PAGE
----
• Urban Family Practice Mobile Medical Unit, Buffalo. Variable community locations, variable hours.
    • Kaleida 2100 Wehrle Drive, Williamsville, 14221. Monday through Friday variable hours.
    • Kaleida 1540 Maple Road, Williamsville, 14221. Monday through Friday variable hours.

 

 

El jefe del Comité de Recursos Naturales examinará el escándalo sobre las pruebas, enmiendas a Promesa y un debate general sobre la situación política de Puerto Ric

Washington – El congresista Raúl Grijalva quiere poner bajo la lupa de su Comité de Recursos Naturales los fallidos contratos del gobierno de la isla para adquirir pruebas rápidas, como parte de un examen que hará de la respuesta federal a Puerto Rico durante la emergencia del coronavirus.

Aunque los trabajos en el Congreso se han complicado por el novel virus, el demócrata Grijalva dijo que todavía tiene interés en aprobar en la Cámara baja federal un proyecto que reforme la ley Promesa.

El legislador federal, elegido por un distrito de Arizona, también reafirmó su intención de promover una audiencia que permita una discusión general sobre el futuro político de la isla, hizo claro que no hay ambiente en Washington D.C. para la estadidad y consideró que el referéndum estadidad sí o no que impulsa el Partido Nuevo Progresista (PNP), en la situación política actual, no cambiaría esa realidad.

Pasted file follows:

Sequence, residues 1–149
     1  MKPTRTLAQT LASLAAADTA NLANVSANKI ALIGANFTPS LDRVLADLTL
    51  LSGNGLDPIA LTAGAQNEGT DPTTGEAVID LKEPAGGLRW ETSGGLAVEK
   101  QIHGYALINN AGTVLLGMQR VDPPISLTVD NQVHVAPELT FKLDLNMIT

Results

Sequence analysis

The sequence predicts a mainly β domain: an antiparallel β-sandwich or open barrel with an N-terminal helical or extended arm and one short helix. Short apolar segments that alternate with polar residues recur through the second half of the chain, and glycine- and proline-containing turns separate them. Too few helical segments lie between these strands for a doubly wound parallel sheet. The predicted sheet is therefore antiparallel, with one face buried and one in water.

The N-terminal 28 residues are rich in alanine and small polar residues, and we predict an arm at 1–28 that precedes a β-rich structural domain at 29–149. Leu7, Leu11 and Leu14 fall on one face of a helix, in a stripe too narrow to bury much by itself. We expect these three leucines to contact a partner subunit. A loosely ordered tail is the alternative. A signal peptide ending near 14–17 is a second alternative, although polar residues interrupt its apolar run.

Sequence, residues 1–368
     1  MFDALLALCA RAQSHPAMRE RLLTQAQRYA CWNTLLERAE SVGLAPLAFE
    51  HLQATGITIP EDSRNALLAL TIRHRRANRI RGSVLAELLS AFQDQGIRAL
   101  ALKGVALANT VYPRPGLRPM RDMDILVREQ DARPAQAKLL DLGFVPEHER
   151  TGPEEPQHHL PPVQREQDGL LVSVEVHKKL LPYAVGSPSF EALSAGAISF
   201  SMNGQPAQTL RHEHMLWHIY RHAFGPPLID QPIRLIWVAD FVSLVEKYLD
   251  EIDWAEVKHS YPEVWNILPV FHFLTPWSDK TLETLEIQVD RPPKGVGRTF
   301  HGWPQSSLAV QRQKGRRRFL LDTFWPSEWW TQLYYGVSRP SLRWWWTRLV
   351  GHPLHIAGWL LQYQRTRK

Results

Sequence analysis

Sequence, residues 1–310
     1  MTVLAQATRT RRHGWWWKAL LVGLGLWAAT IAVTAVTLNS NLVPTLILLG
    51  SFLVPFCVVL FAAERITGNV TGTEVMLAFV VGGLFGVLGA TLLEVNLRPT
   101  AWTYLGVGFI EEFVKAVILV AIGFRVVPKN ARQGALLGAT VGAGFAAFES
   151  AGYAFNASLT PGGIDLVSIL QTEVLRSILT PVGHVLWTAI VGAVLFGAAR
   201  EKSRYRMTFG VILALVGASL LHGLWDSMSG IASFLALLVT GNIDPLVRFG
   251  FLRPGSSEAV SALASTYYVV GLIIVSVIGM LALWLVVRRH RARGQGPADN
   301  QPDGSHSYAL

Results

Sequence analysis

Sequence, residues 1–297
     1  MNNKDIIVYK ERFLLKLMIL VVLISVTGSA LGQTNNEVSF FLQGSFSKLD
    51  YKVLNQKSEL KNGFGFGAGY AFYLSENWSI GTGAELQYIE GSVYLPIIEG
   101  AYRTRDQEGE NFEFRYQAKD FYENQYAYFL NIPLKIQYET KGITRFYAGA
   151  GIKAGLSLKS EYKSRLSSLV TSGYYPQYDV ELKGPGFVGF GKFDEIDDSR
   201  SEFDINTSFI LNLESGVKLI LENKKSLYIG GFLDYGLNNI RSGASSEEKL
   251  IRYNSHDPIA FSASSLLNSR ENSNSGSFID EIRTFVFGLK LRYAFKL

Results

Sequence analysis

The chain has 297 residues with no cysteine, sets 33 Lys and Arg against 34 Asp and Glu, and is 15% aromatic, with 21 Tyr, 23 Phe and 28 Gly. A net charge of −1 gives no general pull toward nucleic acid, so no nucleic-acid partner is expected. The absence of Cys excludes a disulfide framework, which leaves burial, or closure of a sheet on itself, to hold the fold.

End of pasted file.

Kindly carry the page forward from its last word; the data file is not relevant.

La Cámara de Representantes estadounidense tiene previsto aprobar mañana viernes un proyecto de ley que establecerá las reglas para que los comités funcionen a distancia y sus miembros puedan votar sin estar en el hemiciclo legislativo.

En entrevista con El Nuevo Día, Grijalva, presidente del Comité de Recursos Naturales, afirmó que una vez se adopten las nuevas reglas de trabajo al retomar su agenda sobre Puerto Rico, lo primero será dar una mirada a la respuesta del gobierno federal a la isla, discusión a la que incorporará conocer los detalles sobre el escándalo del gobierno de Wanda Vázquez Garced en torno a los fallidos contratos de más de $40 millones para pruebas rápidas de detección del COVID-19.

Grijalva dijo que el énfasis de la discusión va a estar en la lentitud que considera ha tenido el gobierno de Donald Trump en dar acceso a la isla a fondos de la ley Cares, como ocurrió con la entrega de los fondos para los cheques federales de por lo menos $1,200 a ciudadanos. “La asistencia ha llegado en un modo tan lento que no ha tenido el efecto necesario”, dijo.

Aunque afirmó que los republicanos se centran en que “el Congreso no puede tener confianza en el gobierno de Puerto Rico”, Grijalva sostuvo que prefiere alumbrar la falta de atención del gobierno federal a la isla.